Now THAT’S what I call a big project. WikiCity announced last month the launch of, well, WikiCity, which plans to have 22,000 Wikis to cover 22,000 cities, towns, and villages in the US. It’s available at http://www.WikiCity.com.
From the front page you can browse for cities or just dive in a search. 22,000’s an awful lot to browse but at least that way you can see how many Springfields there are. I decided to take a look at Kennebunk, Maine.
Now, the problem with sites like this is that they look woefully unpopulated until they attract enough attention for some community building. WikiCity has pre-populated each city’s page with standard information like weather, local news, and maps, but with also more unusual information like Twitter feeds and data from Wikipedia. The Twitter feeds appear to be keyword based, which doesn’t always work (ala Fate, Texas) so I’m surprised that WikiCity didn’t try a location-based Twitter search instead, like near:04043 within:15mi, to pull local tweets. (You don’t have add keywords to location-based searches in Twitter.)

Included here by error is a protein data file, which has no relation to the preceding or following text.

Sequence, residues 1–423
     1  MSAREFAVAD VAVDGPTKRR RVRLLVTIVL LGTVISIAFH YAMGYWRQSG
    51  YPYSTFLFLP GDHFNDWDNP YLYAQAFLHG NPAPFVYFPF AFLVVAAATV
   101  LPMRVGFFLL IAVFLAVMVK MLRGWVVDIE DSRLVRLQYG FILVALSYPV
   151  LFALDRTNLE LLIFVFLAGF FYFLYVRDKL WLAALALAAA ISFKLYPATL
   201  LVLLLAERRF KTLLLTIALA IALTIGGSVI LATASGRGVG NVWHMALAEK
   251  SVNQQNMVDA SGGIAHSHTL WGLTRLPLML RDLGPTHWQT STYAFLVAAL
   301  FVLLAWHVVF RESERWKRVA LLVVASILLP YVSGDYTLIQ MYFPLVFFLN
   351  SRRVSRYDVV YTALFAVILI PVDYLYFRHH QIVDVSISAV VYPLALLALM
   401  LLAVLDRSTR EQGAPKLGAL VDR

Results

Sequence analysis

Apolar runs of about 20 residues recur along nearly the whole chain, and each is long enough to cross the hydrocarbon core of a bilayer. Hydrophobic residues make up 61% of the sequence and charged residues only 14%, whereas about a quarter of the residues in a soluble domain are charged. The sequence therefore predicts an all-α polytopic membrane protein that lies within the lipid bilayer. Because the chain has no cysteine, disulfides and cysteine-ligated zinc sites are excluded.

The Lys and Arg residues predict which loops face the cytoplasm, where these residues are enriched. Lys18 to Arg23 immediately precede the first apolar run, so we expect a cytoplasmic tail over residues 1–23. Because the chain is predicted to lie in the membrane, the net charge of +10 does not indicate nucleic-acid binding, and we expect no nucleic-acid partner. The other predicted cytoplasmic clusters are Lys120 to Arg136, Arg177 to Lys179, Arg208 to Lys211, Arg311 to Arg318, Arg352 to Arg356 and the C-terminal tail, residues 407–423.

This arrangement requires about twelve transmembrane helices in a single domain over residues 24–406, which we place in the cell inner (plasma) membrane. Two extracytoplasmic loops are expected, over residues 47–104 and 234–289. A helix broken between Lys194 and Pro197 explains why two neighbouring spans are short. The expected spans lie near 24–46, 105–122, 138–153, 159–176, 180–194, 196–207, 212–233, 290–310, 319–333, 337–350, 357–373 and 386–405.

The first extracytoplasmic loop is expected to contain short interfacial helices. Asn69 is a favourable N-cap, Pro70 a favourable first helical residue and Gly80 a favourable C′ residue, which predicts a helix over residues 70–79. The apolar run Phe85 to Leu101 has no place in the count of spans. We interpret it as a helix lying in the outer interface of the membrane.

Actually I’m also kind of surprised WikiCity didn’t do something similar for the news search, which appears to rely on Google News. Sure you can do a regular search for Kennebunk ME, but you’re going to get a lot of irrelevance. Why not location:me Kennebunk? Or, if you don’t want to be restricted to Maine news sources, intitle:kennebunk maine? Or use Topix?
ANYWAY, there’s plenty of prepopulating information here and that’s good. For the rest of it, WikiCity has built an information infrastructure for each city: sports, schools, politics, etc. There’s a food section here that has brief listings in it (mostly just contact information) but it’s not clear from the listings where the data came from.
It remains to be seen how many communities will choose to use WikiCity — it’s throwing an awfully big loop. But if just a little more were done to prepopulate the infrastructure — how are the calendars being populated? Can you get more business listings in there? — it could act on its own as a reference resource for communities, and perhaps bring attention and activity to itself that way.